Jun 25 2016

On Saturday, 25 June 2016 at 23:01:00 UTC, "Smoke" Adams wrote:This proves nothing.This isn't a proof, this is a definition. This is the definition that is used by all programming languages out there and all CPUs. It isn't going to change because someone on the internet think he has a better definition that provide no clear advantage over the current one.

Jun 25 2016

On Sunday, 26 June 2016 at 00:31:29 UTC, deadalnix wrote:On Saturday, 25 June 2016 at 23:01:00 UTC, "Smoke" Adams wrote:Again, no proof at all and inaccurate. Not every programming language or cpu does this. Please don't make up facts to support your "definitions" and desires. Having a negative modulo is just ignorant.This proves nothing.This isn't a proof, this is a definition. This is the definition that is used by all programming languages out there and all CPUs. It isn't going to change because someone on the internet think he has a better definition that provide no clear advantage over the current one.

Jun 25 2016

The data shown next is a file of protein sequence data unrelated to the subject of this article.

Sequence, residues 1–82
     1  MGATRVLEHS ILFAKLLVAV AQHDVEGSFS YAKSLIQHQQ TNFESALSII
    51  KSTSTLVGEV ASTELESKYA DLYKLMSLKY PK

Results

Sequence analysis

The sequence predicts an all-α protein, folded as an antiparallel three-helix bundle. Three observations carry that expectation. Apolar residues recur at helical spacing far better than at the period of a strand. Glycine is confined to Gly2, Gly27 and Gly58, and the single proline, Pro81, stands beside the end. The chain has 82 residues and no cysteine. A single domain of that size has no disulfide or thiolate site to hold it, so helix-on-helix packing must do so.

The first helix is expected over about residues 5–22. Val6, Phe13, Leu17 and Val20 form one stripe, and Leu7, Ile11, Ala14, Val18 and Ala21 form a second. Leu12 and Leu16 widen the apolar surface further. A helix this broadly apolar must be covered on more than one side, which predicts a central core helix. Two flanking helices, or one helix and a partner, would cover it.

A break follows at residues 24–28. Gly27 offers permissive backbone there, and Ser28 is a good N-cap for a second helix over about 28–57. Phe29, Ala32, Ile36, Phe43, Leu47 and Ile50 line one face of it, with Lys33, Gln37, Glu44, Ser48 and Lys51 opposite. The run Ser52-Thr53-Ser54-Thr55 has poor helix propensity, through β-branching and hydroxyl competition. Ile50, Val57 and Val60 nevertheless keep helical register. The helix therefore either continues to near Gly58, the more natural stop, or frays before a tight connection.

On Sunday, 26 June 2016 at 02:05:53 UTC, "Smoke" Adams wrote:On Sunday, 26 June 2016 at 00:31:29 UTC, deadalnix wrote:Either can't read or you can't think. Which is it ?On Saturday, 25 June 2016 at 23:01:00 UTC, "Smoke" Adams wrote:Again, no proof at allThis proves nothing.This isn't a proof, this is a definition. This is the definition that is used by all programming languages out there and all CPUs. It isn't going to change because someone on the internet think he has a better definition that provide no clear advantage over the current one.and inaccurate. Not every programming language or cpu does this. Please don't make up facts to support your "definitions" and desires. Having a negative modulo is just ignorant.Languages: C#: https://msdn.microsoft.com/en-us/library/0w4e0fzs.aspx Java: https://docs.oracle.com/javase/specs/jls/se7/html/jls-15.html#jls-15.17.3 C11: http://www.open-std.org/jtc1/sc22/wg14/www/docs/C99RationaleV5.10.pdf (See 6.5.5 for update on % operator, mentioning, example at 7.20.6). Python2: https://docs.python.org/2/reference/expressions.html Python3: https://docs.python.org/3/reference/expressions.html CPUs: Arm7(eeabi): https://github.com/wayling/xboot-clone/blob/master/src/arch/arm/lib/gcc/__aeabi_idivmod.S Arm7(Darwin): http://opensource.apple.com//source/clang/clang-163.7.1/src/projects/compiler-rt/lib/arm/modsi3.S Mips: http://www.mrc.uidaho.edu/mrc/people/jff/digital/MIPSir.html (See DIV instruction) X86: http://x86.renejeschke.de/html/file_module_x86_id_137.html Now I'm sure there are a weird CPU that isn't produced since the 80s and that D will never support that do it in some other way, but for all platforms that matter today, this isn't the case. This is not MY definition, this is the definition everybody except you uses? Even PHP get this right (http://php.net/manual/en/language.operators.arithmetic.php). Now champion, what do you have supporting your definition ?